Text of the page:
« Isaac Asimov’s easiest prediction for 2014 | Main | Is Venezuela a threat to U.S. national security? No, but that does not matter »

March 12, 2015

Comments

Feed You can follow this conversation by subscribing to the comment feed for this post.

I think the biggest issue is that there are too many divergent interests for a true EU army/airforce. You could perhaps get a subset of EU countries pooling their militaries together along the lines of the 1952 treaty but this would likely exclude the UK (for very obvious reasons) and perhaps also France (independent nuclear power, desire for a separate military force to carry out missions of French interest such as in Francophone Africa, for much the same reasons as it rejected the prospect in 1953) and some Central European states (which might not wish to integrate their armed forces any more tightly as a result of having regained a lot of freedom to act independently from the Soviet sphere).

Plus there are the neutral countries like Sweden, Finland, Ireland and Austria which would likely not join suit since there would be the sticky question of how such a European army relates to NATO (the 1952 treaty explicitly ties it to NATO which was not a problem since all the prospective members were basically NATO members or fell under NATO's umbrella anyway). I can't see the neutral 4 signing up for a unified army which may have NATO commitments when they themselves do not and I can't see any NATO members signing up for a unified army which would be a neutral, non-NATO force in order to accommodate the neutral 4.

So we are left with...probably Germany, the Netherlands, Belgium, Luxembourg, Spain, Portugal, Italy, Greece, Denmark and perhaps some eastern and central European states like Latvia, Lithuania, Estonia, Slovakia and Romania (I can't see Orban's Hungary signing up for this).

But then any unified European army with Germany at its core will probably have to follow the Bundeswehr tradition of not being in engaged in anything except NATO operations, defensive operations and peacekeeping operations. Even then Germany declined to participate in NATO's Libyan operations and presumably Germany would not be comfortable with a unified European armed forces that it participated in doing so either at the time. A number of the other potential contributors DID participate in Operation Unified Protector and so would probably not be okay with the German post-war tradition for use of the armed forces.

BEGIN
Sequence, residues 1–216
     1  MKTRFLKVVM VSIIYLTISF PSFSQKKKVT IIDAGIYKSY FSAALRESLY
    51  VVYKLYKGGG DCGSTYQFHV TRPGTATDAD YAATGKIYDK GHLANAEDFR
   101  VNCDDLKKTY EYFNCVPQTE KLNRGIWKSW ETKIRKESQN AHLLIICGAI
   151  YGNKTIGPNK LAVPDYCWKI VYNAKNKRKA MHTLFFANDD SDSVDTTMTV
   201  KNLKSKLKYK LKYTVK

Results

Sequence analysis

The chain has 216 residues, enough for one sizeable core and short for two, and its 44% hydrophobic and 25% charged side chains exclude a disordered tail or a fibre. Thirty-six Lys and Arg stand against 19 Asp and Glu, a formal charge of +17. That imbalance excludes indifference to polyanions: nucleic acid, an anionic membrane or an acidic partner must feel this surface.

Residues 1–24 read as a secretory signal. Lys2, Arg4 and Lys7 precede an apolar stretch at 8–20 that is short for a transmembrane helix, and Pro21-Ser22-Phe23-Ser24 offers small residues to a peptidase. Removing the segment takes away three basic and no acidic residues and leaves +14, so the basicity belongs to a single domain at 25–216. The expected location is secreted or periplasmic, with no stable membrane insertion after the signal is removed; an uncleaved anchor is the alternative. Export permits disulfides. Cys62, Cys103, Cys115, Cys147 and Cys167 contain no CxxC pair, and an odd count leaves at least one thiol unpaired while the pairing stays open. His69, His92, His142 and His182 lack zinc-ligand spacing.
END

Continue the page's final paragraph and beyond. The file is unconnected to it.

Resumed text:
So ultimately the core group of countries where this concept could work would probably be the Netherlands, Belgium, Luxembourg, Spain, Portugal, Italy, Greece, Denmark and perhaps some eastern and central European states like Latvia, Lithuania, Estonia, Slovakia and Romania. This is already a fairly fragmented group and is even more so without Germany, France and Poland in the mix.

Verify your Comment

Previewing your Comment

This is only a preview. Your comment has not yet been posted.

Working...
Your comment could not be posted. Error type:
Your comment has been posted. Post another comment

The letters and numbers you entered did not match the image. Please try again.

As a final step before posting your comment, enter the letters and numbers you see in the image below. This prevents automated programs from posting comments.

Having trouble reading this image? View an alternate.

Working...

Post a comment

Your Information

(Name and email address are required. Email address will not be displayed with the comment.)